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Home News Archive Lack of Adequate Accounting System Costs Contract Award

Lack of Adequate Accounting System Costs Contract Award

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Two things about this article that are not new: (1) Courts (and too many contracting officers) think DCAA approves a contractor’s accounting system; and (2) joint ventures are at competitive risk if they do not clearly explain how they will operate after contract award. We’ve discussed these issues before, notably in this article and in our lengthy analysis article available to site members. (Membership costs nothing, poses no risk, and has benefits!)

The new thing is a recent bid protest decision at the Court of Federal Claims, in the matter of Metrica Team Venture (MTV). MTV was a joint venture of six team members, led by Metrica. MTV was bidding on the Alliant 2 Small Business GWAC. The solicitation required bidders to submit a “self-scoring worksheet” in which bidders were permitted to claim points for meeting specific criteria. Among the points available, bidders could claim 5,500 points for having a “certified Cost Accounting System” (called a certified “CAS” in the judicial decision—but not to be confused with the Federal Cost Accounting Standards).

According to the bid protest decision, the Alliant 2 solicitation stated that, in order to claim the points, bidders were required to—

… provide verification from the Defense Contract Audit Agency [‘DCAA’], Defense Contract Management Agency, or any Cognizant Federal Agency of an acceptable accounting system that has been audited and determined adequate for determining costs applicable to the contract or order in accordance with [Federal Acquisition Regulation (‘FAR’)] 16.301-3(a)(3).

Metrica was the leader of the JV and it did have a certified CAS. Unfortunately, however, none of the other five team members met the requirement. No problem! The JV team executed an agreement that stated that Metrica would do the accounting for the JV. That would solve the problem, right?


As Chief Judge Sweeney explained in her decision—

… the CO deducted 5500 points from the total claimed by MTV because it only provided evidence that one member—Metrica—had a certified CAS, and those points were available only if the offeror provided evidence of a certified CAS in the name of each member or the name of the joint venture. At the end of his review, the CO concluded that MTV’s validated score was 62,700, which was 5100 points below the cutoff.

(Internal citations omitted.)

Had MTV been allowed to claim the 5,500 points associated with a certified CAS, it was probable that it would have been awarded an Alliant 2 GWAC; but because it wasn’t granted those points, the JV lost out on a potentially lucrative contract award.

MTV protested but Judge Sweeney didn’t buy it. She wrote: “The crux of the parties’ disagreement is whether, under the terms of the solicitation, a joint venture possesses a certified CAS in its name when one member has such a CAS and is contracted to perform accounting for all of the other members.” In this situation, she found that the Alliant 2 solicitation was unambiguous and required that “… the credential must be issued to the joint venture—not one member acting on behalf of the other members.” She concluded that—

… offerors are only entitled to points for having a certified CAS if that credential is possessed by the joint venture or each member of the joint venture. Because neither MTV nor each member possessed a certified CAS, the CO did not err when he deducted points from the total claimed by MTV for MTV not substantiating the points it claimed for having such a CAS.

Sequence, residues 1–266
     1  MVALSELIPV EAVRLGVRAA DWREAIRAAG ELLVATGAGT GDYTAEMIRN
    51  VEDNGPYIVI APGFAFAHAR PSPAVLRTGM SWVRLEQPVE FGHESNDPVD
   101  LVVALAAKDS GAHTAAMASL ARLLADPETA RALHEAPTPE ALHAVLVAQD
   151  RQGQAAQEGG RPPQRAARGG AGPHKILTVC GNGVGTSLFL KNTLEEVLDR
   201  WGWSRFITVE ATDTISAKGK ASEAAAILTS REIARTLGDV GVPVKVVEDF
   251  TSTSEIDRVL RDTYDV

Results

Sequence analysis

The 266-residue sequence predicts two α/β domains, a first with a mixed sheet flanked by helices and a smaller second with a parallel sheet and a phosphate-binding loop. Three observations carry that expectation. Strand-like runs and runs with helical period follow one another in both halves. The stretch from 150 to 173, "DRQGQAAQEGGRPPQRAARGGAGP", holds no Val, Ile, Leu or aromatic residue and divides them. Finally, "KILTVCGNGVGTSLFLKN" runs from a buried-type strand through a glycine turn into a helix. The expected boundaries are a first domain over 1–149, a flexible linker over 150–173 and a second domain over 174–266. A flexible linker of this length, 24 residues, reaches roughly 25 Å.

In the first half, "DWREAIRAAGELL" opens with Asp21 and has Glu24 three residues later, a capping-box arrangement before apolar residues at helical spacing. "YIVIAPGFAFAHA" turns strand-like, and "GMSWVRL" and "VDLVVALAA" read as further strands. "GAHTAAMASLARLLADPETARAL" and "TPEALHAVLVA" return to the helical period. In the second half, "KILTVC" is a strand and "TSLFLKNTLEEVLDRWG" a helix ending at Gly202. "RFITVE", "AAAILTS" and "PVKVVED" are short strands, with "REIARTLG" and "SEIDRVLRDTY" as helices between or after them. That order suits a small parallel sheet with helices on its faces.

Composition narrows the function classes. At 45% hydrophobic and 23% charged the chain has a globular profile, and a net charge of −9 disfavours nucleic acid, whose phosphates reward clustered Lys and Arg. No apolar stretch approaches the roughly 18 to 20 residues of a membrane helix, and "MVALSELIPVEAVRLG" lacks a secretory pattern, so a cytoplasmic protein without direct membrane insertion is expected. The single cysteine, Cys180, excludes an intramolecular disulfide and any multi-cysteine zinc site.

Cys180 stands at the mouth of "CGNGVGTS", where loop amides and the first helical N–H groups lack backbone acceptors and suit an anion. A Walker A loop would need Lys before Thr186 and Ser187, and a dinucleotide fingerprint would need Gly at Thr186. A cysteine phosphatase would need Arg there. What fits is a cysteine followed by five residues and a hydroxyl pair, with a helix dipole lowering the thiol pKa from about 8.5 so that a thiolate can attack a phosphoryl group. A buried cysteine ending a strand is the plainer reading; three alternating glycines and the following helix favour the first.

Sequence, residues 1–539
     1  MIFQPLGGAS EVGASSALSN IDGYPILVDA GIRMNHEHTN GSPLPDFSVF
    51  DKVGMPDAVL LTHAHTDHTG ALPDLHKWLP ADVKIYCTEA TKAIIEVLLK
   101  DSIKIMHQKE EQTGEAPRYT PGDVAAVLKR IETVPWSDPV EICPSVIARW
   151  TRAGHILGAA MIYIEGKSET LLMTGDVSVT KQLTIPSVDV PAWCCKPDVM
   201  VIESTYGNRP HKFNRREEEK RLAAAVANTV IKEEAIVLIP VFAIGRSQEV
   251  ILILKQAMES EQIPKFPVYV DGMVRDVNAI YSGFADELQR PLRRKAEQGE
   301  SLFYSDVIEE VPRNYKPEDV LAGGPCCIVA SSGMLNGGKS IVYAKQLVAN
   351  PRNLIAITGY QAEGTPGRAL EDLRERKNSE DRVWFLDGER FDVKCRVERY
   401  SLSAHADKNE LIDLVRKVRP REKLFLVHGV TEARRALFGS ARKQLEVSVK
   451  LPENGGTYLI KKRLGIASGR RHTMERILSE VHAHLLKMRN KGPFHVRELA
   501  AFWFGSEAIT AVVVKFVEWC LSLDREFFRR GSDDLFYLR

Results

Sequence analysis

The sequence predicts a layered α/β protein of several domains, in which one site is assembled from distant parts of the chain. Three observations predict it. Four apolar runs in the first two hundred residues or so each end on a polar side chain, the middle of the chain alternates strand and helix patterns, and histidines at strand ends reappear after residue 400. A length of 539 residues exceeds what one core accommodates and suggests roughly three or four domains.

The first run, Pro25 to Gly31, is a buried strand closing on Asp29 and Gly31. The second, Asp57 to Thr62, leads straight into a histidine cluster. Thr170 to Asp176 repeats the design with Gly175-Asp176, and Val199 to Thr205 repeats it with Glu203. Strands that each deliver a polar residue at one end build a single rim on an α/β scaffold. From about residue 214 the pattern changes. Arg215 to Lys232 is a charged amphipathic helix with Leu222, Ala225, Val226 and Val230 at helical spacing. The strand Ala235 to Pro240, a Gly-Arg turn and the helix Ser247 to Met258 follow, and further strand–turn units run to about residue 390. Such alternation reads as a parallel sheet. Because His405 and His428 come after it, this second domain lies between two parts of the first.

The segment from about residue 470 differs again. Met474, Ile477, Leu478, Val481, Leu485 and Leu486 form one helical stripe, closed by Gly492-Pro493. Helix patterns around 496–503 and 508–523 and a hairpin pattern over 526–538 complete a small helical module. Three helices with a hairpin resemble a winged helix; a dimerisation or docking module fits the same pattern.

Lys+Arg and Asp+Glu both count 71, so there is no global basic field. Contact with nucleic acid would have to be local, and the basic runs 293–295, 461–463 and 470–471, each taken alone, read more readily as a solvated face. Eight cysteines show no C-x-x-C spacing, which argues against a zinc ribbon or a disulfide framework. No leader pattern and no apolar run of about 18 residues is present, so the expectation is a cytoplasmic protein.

Clearly, the decision turned on the language of the solicitation. Another solicitation with different language may have not been as restrictive, and may have permitted the approach to accounting system adequacy envisioned by Metrica. On the other hand, why would you risk it?

The message here is clear. If you are a Federal contractor and you want to grow your business, one of the most important needs you have is an accounting system that DCAA (or DCMA) can determine to be adequate. We are at a loss to understand why any business—large or small—would conclude otherwise. Yet, as shown by this bid protest decision, five out of six Federal contractors didn’t have the necessary policies, procedures, and/or controls. Five out of six is 83 percent. That’s a high percentage.

So our advice now is the same as it’s always been. If you are a Federal contractor (or want to be one) then you really must invest in your accounting system. It’s not sexy. It’s not immediately revenue-generating. It may require spending money at a time when cash is tight. We get all that. Those are great reasons for procrastinating in this area. But then again, if you procrastinate for too long, then you risk running into a situation where you don’t have what you need when you need it. And then you lose a major contract award and you’ll get to see all that potential revenue go to your competitors.

At that point, all those rationalizations for putting off the investment in your back office are going to ring hollow. They are not going to seem like smart cash flow or management focus decisions; they are going to look like failed leadership.

At that point: it’s on you.



Effective January 1, 2019, Nick Sanders has been named as Editor of two reference books published by LexisNexis. The first book is Matthew Bender’s Accounting for Government Contracts: The Federal Acquisition Regulation. The second book is Matthew Bender’s Accounting for Government Contracts: The Cost Accounting Standards. Nick replaces Darrell Oyer, who has edited those books for many years.